When it comes to drug shortages, pounding Big Pharma isn’t the answer. Finally someone is focusing on the perverse economic incentives of Average Sales Price (ASP) as a key factor behind the problem. And that someone is Senator Orrin Hatch (R, UT.)
His Patient Access to Drugs in Shortage Act is out for comment through April 25, 2012. This proposed legislation is the only bill dealing with the economic causes of the shortages.
Some important codicils include:
* Price Stability — The draft would change the Medicare reimbursement rate for generic injectable products with 4 or fewer active manufacturers from Average Sales Price (ASP) + 6% to Wholesale Acquisition Cost (WAC) in order to achieve market price stability.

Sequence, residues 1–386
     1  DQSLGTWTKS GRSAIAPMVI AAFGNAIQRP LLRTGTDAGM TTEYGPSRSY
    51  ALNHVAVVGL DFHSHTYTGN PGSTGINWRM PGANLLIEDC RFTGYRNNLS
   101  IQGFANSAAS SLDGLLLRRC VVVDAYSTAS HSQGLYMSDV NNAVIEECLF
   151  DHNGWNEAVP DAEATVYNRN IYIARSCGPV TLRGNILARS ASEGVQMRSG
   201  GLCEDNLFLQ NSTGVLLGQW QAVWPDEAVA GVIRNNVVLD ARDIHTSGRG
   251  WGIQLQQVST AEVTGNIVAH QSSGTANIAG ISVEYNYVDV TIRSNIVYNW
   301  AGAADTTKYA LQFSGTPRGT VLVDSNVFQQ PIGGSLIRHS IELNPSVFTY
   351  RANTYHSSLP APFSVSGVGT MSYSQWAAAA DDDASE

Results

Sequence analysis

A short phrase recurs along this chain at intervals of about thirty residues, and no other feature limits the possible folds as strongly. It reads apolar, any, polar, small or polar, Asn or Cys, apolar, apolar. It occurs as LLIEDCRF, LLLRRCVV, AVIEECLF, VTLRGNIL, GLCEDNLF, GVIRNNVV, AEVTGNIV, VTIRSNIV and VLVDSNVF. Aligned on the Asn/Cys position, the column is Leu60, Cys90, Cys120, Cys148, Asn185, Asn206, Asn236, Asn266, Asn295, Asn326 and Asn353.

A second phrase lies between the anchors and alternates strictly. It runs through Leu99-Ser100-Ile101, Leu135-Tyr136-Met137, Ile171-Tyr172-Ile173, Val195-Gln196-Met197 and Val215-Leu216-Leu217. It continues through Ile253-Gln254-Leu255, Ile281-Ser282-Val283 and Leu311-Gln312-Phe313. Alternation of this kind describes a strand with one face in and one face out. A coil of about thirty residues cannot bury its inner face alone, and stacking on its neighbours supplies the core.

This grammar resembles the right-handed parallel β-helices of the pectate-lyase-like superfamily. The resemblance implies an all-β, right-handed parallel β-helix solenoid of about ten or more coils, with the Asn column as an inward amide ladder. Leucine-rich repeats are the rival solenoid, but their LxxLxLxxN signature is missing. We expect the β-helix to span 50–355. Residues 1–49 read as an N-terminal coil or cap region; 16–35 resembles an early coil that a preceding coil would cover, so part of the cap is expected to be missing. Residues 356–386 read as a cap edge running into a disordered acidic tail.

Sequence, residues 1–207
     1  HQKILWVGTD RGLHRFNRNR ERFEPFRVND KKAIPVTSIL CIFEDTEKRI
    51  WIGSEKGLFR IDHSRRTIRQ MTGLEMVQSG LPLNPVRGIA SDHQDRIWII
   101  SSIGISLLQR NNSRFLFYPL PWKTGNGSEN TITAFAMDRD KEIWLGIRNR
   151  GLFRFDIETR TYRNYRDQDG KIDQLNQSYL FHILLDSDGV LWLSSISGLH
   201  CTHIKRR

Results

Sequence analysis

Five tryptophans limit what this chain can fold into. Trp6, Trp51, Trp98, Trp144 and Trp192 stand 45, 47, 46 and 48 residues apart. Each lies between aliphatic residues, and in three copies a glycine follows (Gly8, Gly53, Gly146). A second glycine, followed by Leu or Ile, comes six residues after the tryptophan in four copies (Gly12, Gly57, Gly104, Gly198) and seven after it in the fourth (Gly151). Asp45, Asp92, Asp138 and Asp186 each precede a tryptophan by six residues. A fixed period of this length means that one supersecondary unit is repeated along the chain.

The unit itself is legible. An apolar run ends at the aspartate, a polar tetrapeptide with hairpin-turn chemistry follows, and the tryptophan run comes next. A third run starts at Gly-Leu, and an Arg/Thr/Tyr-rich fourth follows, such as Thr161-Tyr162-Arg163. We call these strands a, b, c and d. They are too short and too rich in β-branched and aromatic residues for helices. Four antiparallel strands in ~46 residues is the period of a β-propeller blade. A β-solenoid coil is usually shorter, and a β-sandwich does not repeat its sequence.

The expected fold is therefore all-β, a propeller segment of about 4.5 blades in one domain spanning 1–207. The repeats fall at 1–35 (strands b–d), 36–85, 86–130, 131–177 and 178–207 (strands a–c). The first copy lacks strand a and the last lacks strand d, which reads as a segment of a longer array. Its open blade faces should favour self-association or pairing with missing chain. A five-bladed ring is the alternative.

* Medicaid/340B Rebate Exemption — The draft exempts generic injectable products with 4 or fewer active manufacturers from Medicaid rebates and 340B discounts in order to achieve market price stability.
* Extended Exclusivity — Manufacturers who hold an approved application for a drug that would mitigate a shortage can extend by 5 years any period of exclusivity, even if the drug is eventually moved from drug shortage designation.
* Drug Shortage Database — The Secretary would establish a mechanism by which health care providers and other third-party organizations may report evidence of a drug shortage.
This last point may sound innocuous – but it’s crucial. There are many players in the drug shortage game – not just innovator pharmaceutical companies and the FDA. There are generics manufacturers, hospitals, Group Purchasing Organizations (GPOs), and physicians. (For more on the GPO issue, see this new op-ed in today’s Washington Examiner).
As the Japanese say – don’t fix the blame; fix the problem.